Pray that your personal encounters with Jesus will be a blessing to the wider community.

Did you know?

The hymn, Abide with me, alludes to Luke 24:29: “Stay with us, for it is nearly evening; the day is almost over.”

Abide with me; fast falls the eventide;
The darkness deepens; Lord with me abide.
When other helpers fail and comforts flee,
Help of the helpless, O abide with me.

by Henry Francis Lyte

Emmaus Blessing

Already a blessing
in the walking

already a blessing
on the road

already a blessing
drawing near

already a blessing
in the listening

already a blessing
in the burning hearts

already a blessing
in the almost evening

already a blessing
in the staying

already a blessing
at the table

already a blessing
in the bread

already a blessing
in the breaking

already a blessing
finally known

already a blessing
give us eyes

already a blessing
let us see.

—Jan Richardson

See also walk, run, soar, especially the Millican’s Meaningful Journeys video (walk).

Show me the way

Duizel in het Park Festival, Rotterdam, August 2017 (Photo: Irene Bom)

The theme I’ve selected for August 2017 is “on a journey”.

The word “journey” does not appear much in the psalms, if ever. “Way” or “ways” is very common, though. Especially in Psalm 119, an extended meditation on living in right relationship with God, walking in his ways: “Blessed are those whose ways are blameless, who walk according to the law of the LORD.” (Psalm 119:1)

Invariably the word “way” expresses more than a particular road, path, or track that you use to go from one place to another. Instead, it reflects the outcome of multiple journeys that have somehow become internalized into a “way of life” (Psalm 84:11, Proverbs 28:18, Jeremiah 21:8).

Here selected verses from Psalm 143 – a prayer for help and direction on “the way I should go” to find relief and release in tricky situations. Sometimes relief comes from unexpected quarters, like in the parable of the “Good Samaritan” (Luke 10:25-37).

1 LORD, hear my prayer,
listen to my cry for mercy;
in your faithfulness and righteousness
come to my relief.

7 Answer me quickly, LORD;
my spirit fails.
Do not hide your face from me
or I will be like those who go down to the pit.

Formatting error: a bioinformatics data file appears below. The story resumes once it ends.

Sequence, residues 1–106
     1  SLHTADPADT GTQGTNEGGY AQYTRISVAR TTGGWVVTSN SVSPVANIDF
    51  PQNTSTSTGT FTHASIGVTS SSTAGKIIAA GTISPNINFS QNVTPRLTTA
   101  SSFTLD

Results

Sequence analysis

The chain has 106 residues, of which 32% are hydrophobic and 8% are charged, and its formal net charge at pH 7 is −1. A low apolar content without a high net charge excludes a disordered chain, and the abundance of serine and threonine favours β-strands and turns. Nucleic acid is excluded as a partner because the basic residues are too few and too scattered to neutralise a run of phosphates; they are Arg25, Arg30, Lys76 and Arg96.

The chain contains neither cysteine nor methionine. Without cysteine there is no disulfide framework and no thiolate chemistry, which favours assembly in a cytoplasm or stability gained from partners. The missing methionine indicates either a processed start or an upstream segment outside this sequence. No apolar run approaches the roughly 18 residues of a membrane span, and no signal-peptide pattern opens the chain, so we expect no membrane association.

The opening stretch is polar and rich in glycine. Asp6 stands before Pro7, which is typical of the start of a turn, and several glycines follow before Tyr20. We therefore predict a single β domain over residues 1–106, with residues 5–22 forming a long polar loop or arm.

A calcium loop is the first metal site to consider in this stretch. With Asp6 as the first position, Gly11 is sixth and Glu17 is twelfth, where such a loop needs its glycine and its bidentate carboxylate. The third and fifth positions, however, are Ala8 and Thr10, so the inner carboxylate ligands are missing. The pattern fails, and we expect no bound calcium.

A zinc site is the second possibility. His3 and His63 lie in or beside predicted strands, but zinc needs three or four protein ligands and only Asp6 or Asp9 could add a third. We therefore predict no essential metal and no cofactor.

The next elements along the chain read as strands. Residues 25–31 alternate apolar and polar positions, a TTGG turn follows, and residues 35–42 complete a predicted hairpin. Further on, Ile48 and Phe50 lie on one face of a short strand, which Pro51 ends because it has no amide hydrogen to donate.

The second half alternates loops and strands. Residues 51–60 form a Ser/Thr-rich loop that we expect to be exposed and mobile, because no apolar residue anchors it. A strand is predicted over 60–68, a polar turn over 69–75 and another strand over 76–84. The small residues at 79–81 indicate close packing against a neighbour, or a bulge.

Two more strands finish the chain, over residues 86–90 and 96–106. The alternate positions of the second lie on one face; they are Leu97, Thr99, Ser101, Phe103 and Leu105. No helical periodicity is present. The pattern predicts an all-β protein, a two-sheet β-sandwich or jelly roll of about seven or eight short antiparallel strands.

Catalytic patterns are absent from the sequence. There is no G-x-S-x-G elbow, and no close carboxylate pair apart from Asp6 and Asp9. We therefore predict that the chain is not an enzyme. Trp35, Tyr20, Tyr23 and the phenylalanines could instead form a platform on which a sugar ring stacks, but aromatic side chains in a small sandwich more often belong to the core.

8 Let the morning bring me word of your unfailing love,
for I have put my trust in you.
Show me the way I should go,
for to you I entrust my life.

9 Rescue me from my enemies, LORD,
for I hide myself in you.

10 Teach me to do your will,
for you are my God;
may your good Spirit
lead me on level ground.

(Psalm 143:1, 7-10)


“The biblical psalms have the Lord God talking through the embattled confessions of children adopted by God who are in the grip of God’s Spirit. Yet, in the psalms, God is also talking live to anybody today, worldwide, who will listen.” (Calvin Seerveld, Voicing God’s Psalms, p. xvii)

Waters of baptism

As we come to the end of a month-long celebration of water and the many ways it touches our lives as people and as people of faith, finally a post on baptism.

“Whenever I hear the sound of water flowing or see the water poured in the sacrament of baptism, my soul is deeply moved and built up as I remember the promises claimed at my own baptism and those of my children. The signs and sounds of that gesture speak profoundly to me of the renewal we have in Christ Jesus, claimed in baptism and claimed again each time I remember the promises of my baptism.”

— A worshiper (from Reformed Worship)


In researching the topic of baptism for this blog post, two key themes stood out for me.

Firstly, baptism has been a fruitful topic in ecumenical relations, helping foster dialogue and reconciliation.

Secondly, there is much to be gained by “keeping baptism front and center” (Arlo D. Duba) in our church life.

According to Arlo D. Duba:

Too often we neglect baptism’s missional focus to go into all the world to make disciples, baptizing them (Matt. 28:19). Or we overlook the element of entering into the death and resurrection of Christ (Rom. 6:3-6). Even when we introduce something like the Paschal (Easter) Vigil, we sometimes downplay or miss altogether its integral relationship with baptism.

Luther urged Christians to practice the daily renewal of the baptismal covenant by placing a hand on the head each morning and saying, ‘I am a baptized person, and today I will live out my baptism.’ And Calvin says that our propensity toward evil never ceases, but we take courage because what ‘begins in our baptism’ must be pursued every day until it is perfected when we go to be with the Lord (Institutes, 4, 15, 11).